'Just try it': What local experts are saying about the rise in cryptocurrency

Gabriel Scheare has just returned home from spending seven years in Chile where he was working on a real estate project involving cryptocurrency, but it's not his first foray into the digital trend.  In 2013 he was one of the men responsible for the world’s first cryptocurrency kiosk in Vancouver.

Scheare says there was even media attention from Japan as the story spread quickly.

“My friend was in Taiwan at the time.  He came back from his travels and gave me a Taiwanese newspaper and the Sunday front page had me on it,” Scheare said.

Cryptocurrency, such as Bitcoin, is transferred through a peer-to-peer network, and transactions appear on a public ledger that is accessible to all who use the currency.

Scheare said his work in Chile was among the first of its kind. He see’s it playing a large role when it comes to similar projects that require money crossing through countries.

“It shines very well in situations like that, where you’re selling to international buyers and there are people moving from all different jurisdictions all over the world and they’re coming down to a central location,” Scheare said.

According to Scheare, the world is due for financial advancement, and the rising popularity of cryptocurrency means big changes could be coming to the way the world deals with currency.

“We used to have the printing press and the written word and carrier pigeons and all that stuff.  Then we had telegrams.  We’ve kind of been stuck in the financial equivalent of telegrams for quite a long time,” Scheare said.

Scheare said kiosks have done a lot in terms of making cryptocurrency more palatable for the common person.

“There’s something about a tangible, physical interface that people can relate to I guess, it's something familiar, whereas crypto is sort of an abstract, intangible, ethereal thing that’s very conceptual,” Scheare told CTV.

Scheare acknowledges that the concept of crypto can be a bit overwhelming at first, but he believes anybody on the fence should just give it a go and see how they like it.

“Just try it, just buy a very small amount.  You can buy five bucks work and play with it.  Just download a wallet to your smartphone, experiment by trading it back and forth for different crypto’s, maybe send it back and fourth between a couple wallets."

Scheare believes the privacy that cryptocurrency can provide can be useful when looking back at times when he believes governments overstepped their bounds.

“The idea that you can just directly attack someone’s account without their consent and things like that, it makes people start to wonder ‘well maybe this isn’t the best way of doing things, maybe there’s a better place to sock away my rainy day fund,’” he said.


Todd McClay, founder and senior investment advisor with Precedence Private Wealth says cryptocurrency is a hot topic as of late, and they have been hearing a lot of interest in digital currency.

“We probably get approached on a weekly basis from customers interested in cryptocurrency, or hearing about cryptocurrency, wondering if they should get into it,” McClay told CTV News.

McClay has good things to say about crypto but he also believes the hype can cause people to jump in without doing their homework first.

“You have to do the research.  It’s amazing how many people will invest money in something on their own based off of a headline, a news article, or a tweet,” McClay said.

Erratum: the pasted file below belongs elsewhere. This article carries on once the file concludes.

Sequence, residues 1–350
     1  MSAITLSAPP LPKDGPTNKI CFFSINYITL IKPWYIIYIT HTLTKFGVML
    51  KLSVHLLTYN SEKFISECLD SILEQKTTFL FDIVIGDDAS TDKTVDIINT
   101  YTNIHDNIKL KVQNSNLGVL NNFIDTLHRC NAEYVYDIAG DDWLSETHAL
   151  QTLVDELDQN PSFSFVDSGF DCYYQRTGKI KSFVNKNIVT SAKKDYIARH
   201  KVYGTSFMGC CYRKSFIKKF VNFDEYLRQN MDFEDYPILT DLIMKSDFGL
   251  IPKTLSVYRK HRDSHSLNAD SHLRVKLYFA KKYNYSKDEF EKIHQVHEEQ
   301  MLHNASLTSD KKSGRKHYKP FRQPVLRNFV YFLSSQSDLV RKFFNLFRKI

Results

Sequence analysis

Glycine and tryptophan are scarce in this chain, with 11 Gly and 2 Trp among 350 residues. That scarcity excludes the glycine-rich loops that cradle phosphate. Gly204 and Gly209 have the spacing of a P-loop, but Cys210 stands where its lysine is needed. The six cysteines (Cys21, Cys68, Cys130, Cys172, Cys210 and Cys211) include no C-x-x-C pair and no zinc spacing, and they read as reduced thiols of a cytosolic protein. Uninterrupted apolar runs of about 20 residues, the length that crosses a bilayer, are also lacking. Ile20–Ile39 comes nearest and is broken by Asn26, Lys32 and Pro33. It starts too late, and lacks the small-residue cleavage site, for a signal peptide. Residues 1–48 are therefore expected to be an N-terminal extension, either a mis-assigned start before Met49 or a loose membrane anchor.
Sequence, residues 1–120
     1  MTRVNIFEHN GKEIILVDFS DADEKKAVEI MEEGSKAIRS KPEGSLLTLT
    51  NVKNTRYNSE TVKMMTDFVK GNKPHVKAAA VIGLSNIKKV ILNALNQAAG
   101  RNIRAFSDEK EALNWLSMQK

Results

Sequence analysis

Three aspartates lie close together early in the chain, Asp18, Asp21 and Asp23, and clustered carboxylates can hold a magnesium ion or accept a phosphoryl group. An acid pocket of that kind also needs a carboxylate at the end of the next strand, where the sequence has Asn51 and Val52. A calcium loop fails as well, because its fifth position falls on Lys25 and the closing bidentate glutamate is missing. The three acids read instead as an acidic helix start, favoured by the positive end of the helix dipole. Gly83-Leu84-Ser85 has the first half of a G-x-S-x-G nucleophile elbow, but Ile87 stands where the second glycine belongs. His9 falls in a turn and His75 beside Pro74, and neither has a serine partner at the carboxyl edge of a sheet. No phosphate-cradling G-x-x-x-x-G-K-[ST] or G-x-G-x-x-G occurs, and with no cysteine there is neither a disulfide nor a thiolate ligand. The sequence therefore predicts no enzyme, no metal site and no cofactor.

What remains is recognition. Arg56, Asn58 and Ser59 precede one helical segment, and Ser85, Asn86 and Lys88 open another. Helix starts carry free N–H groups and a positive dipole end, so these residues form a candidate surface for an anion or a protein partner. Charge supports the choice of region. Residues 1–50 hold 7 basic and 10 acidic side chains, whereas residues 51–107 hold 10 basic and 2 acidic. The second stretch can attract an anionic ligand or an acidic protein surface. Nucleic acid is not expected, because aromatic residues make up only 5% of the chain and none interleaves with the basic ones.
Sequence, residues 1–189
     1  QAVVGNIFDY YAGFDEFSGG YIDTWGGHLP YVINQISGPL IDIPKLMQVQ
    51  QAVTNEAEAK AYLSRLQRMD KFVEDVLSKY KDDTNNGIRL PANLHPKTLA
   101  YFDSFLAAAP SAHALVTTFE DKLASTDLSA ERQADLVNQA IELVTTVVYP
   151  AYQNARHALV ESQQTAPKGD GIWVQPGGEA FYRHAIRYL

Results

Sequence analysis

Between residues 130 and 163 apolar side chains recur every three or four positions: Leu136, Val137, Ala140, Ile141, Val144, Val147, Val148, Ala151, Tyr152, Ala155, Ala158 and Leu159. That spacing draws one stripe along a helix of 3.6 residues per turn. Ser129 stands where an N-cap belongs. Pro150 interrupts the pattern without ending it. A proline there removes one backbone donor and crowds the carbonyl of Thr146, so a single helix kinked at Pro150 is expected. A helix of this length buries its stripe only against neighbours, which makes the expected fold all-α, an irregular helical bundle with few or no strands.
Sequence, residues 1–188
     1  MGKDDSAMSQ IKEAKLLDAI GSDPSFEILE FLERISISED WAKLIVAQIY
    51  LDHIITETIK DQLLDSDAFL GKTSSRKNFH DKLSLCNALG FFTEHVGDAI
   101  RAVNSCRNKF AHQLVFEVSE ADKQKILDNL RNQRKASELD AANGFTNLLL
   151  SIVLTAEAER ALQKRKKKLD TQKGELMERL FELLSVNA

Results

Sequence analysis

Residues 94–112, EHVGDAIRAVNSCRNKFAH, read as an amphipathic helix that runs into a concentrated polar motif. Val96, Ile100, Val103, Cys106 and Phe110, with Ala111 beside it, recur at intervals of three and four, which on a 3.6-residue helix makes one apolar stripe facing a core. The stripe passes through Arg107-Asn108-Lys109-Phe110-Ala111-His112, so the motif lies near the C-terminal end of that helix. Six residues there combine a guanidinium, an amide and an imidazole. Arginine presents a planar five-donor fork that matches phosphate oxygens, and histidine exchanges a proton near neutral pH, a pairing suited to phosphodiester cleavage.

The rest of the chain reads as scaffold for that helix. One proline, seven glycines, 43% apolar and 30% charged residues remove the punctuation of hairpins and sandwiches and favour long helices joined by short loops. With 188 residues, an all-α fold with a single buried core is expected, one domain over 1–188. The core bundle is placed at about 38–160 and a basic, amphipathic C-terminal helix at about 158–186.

“Take the time, learn about it.  Once you do that research then you can make a better decision yourself.  It is a very, very viable asset class,”

McClay said similarities can be drawn between cryptocurrency and a valuable resource that has been traded throughout history.                                                                                                                   

He says the day is coming to Canada where retail businesses could be using crypto the same as our current currency.

“When you start to see it in mainstream retail outlets, restaurants, different things where you can use it as a currency, right now it more of a store of value.” McClay said.

McClay said the popularity is on the rise for cryptocurrencies, and it is already on a path towards making a big impact worldwide.

“It is going to be a wild ride.  Our kids? This is going to be their world.  It’s going to be a lot different.  It’s no different than the internet changed our lives,” McClay told CTV.


Ed, a former cryptocurrency miner in Saskatchewan, said there is a lot of negativity surrounding cryptocurrency, but he feels that some of the ways people are finding uses for the digital currency are making an impact in people’s lives.

“I know lots of Filipinos in Canada here, they send money back home, but they're paying sometimes up to 10 to 15 per cent to send a transaction of their money, their value back home so their family members can have a better life,” Ed told CTV. 

“With crypto currency you can do that for pennies on the dollar.  Now I think that alone, that one use case can help bring people out of poverty, it can help level paying the field against these massive banks who charge exorbitant fees.”

Ed recently sold his crypto mining equipment when the price of power surpassed his profits, but he still believes in mining, and he feels that the idea that crypto mining is getting a bad rap for being environmentally unfriendly.

“They’re always going to try and find the cheapest power source they can so they can make the most profit.  A lot of stuff is coming out, a smear on cryptocurrency, saying its from “dirty power”,” Ed said.

“There’s a lot of evidence to show that quite a bit of the mining infrastructure, it always gravitates towards the cheapest power, and some of the cheapest power there is, is hydro power and solar power.”